Like all grains, rolled oatmeal should be kept in an airtight container to discourage moisture and vermin intrusion. Store in a cool, dark cupboard up to three months or refrigerate up to 6 months. Due to its high oil content, oat bran should be refrigerated.
Oats contain a natural antioxidant which discourages rancidity, thus oat flour has a bit longer shelf life than whole wheat flour. Refrigerate and use within 3 months.
Oatmeal Cooking Tips
- Rolled oats (old-fashioned oatmeal) and quick-cooking oatmeal are generally interchangeable in most recipes.
- Instant oatmeal may not be used interchangeably with rolled oats (old-fashioned oatmeal) or quick-cooking oatmeal. Since it has already been cooked and dried, it can turn your baked goods into a gummy mess.
- Oatmeal is commonly used in such foods as meatloaf (as an extender), breads, muffins, cookies, granola, muesli, stuffings, and pilaf, but it is most widely consumed as a hot cooked cereal (porridge).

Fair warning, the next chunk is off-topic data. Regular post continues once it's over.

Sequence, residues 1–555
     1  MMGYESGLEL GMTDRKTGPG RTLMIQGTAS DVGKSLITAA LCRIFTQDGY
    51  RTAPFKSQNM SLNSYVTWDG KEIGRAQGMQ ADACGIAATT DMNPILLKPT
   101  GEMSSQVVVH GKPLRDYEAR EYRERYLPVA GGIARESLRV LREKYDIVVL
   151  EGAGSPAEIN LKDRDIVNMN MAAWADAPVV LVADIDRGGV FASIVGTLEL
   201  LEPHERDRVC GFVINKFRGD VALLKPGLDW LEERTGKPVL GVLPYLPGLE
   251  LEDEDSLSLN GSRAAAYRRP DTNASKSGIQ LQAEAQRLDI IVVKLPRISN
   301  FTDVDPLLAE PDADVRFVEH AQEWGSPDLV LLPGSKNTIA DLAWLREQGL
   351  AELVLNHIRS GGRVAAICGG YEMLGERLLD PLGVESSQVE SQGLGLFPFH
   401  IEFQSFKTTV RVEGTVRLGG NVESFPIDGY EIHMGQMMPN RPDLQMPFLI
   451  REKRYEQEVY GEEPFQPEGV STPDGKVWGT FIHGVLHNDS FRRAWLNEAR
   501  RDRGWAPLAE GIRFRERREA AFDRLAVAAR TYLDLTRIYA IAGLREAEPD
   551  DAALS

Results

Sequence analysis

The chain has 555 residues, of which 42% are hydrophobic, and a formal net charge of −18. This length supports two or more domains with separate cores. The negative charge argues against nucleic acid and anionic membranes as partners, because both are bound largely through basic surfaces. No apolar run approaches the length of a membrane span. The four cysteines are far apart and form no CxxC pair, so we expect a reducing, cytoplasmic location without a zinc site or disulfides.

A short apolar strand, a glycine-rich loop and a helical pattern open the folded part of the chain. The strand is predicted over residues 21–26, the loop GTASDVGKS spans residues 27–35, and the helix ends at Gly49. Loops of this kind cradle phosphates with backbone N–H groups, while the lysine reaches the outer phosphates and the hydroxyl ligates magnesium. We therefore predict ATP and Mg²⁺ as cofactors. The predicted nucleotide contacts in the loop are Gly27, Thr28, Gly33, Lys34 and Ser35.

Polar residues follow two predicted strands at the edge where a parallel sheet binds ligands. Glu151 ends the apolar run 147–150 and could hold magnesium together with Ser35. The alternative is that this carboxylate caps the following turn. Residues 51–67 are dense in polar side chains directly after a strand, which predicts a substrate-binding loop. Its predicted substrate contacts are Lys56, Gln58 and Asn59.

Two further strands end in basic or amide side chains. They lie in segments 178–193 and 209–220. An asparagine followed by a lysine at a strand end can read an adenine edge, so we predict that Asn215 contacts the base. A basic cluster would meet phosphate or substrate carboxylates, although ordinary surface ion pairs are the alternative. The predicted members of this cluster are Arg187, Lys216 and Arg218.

- Oat flour may also be used as a thickener in soups and stews.
- Since its gluten content is very low, oat flour needs to be combined with all-purpose flour when used in leavened breads or the bread will not rise properly.
- To make homemade oat flour, simply place rolled oats in your food processor and process to a flour consistency. Sift out any large particles.
- Complimentary spices for oatmeal include cinnamon, nutmeg, mace, and ginger.
Oatmeal Equivalents and Measures
- Oat flour may be substituted for up to 1/3 of the required whole wheat flour in baked goods.
- 1 pound old-fashioned rolled oats = 5 to 5-3/4 cups
- 1 cup rolled oats = 1-3/4 cups cooked
- 1 cup raw rolled oats = 3 ounces